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Court Imposes FICA Special Timing Rule for Nonqualified Deferred Compensation

This article examines the case of Balestra v. United States as an astounding application of the FICA special timing rule where an individual is required to pay FICA tax on amounts he will never receive.  The Court of Federal Claims, in Balestra, held that the “special timing rule” applied to subject the plaintiff’s nonqualified deferred compensation to FICA tax upon his retirement (when he became fully vested), even though he never received most of the payments because the employer’s obligation to pay was discharged in bankruptcy. 
The special timing rule generally works to an employee’s advantage by taking deferred amounts into account for Social Security tax purposes at the time of contribution or vesting rather than during retirement when employees may be subject to higher FICA taxes.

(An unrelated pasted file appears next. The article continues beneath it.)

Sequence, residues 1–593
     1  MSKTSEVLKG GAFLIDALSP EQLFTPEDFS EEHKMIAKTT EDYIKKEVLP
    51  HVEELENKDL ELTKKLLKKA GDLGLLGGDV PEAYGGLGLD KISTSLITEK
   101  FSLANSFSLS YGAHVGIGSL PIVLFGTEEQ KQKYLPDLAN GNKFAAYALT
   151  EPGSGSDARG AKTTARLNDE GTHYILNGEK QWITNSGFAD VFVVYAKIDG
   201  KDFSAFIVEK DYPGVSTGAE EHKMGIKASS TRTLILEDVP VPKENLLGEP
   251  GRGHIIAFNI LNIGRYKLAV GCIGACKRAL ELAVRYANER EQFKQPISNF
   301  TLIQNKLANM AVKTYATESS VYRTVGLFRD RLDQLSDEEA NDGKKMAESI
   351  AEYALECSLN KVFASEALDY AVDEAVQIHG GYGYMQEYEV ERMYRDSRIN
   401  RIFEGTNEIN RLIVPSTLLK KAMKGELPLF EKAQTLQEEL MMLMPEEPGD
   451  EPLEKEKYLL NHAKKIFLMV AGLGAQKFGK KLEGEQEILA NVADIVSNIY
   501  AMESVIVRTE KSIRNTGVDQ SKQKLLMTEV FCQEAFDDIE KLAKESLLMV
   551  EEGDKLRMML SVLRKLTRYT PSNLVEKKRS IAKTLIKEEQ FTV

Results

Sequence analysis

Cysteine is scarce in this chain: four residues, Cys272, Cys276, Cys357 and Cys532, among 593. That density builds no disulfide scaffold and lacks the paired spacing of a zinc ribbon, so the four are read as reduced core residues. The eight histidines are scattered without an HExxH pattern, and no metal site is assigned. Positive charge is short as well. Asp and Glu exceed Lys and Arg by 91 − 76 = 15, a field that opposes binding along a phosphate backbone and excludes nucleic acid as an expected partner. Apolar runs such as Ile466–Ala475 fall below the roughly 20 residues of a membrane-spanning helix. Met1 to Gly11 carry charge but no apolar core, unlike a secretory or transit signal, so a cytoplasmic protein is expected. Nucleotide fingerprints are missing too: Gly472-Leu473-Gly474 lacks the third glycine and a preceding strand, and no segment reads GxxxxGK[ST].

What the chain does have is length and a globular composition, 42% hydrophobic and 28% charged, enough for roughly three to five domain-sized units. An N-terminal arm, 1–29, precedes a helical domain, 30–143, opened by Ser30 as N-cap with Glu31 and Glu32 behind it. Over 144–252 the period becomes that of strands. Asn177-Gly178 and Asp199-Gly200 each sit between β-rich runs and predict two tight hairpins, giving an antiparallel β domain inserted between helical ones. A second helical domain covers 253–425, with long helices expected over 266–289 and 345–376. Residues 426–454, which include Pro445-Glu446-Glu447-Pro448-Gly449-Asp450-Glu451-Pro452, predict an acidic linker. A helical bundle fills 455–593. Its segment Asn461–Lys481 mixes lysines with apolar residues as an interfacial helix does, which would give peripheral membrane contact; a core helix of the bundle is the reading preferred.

However, the special timing rule can occasionally be a disadvantage if, as in this case, the deferred amounts are never paid by the employer to the employee.  When employers do not include deferred amounts in FICA income at the time of contribution or vesting, employees may be subject to substantial additional FICA taxes on the date of retirement.  Regardless of whether or not it is “fair,” Treasury regulations do not allow employees to recover FICA taxes paid on deferred amounts that are ultimately never received. 
It is important for employers and employees to be aware of the nuances of the special timing rule and to remember that it applies not just to voluntary deferrals, but also to company contributions, matches and deferred incentive or performance awards.